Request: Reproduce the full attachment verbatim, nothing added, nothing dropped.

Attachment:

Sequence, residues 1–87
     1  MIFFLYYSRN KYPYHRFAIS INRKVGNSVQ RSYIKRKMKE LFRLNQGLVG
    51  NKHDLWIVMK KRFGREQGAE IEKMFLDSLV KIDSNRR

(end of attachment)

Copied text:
Sequence, residues 1–87
     1  MIFFLYYSRN KYPYHRFAIS INRKVGNSVQ RSYIKRKMKE LFRLNQGLVG
    51  NKHDLWIVMK KRFGREQGAE IEKMFLDSLV KIDSNRR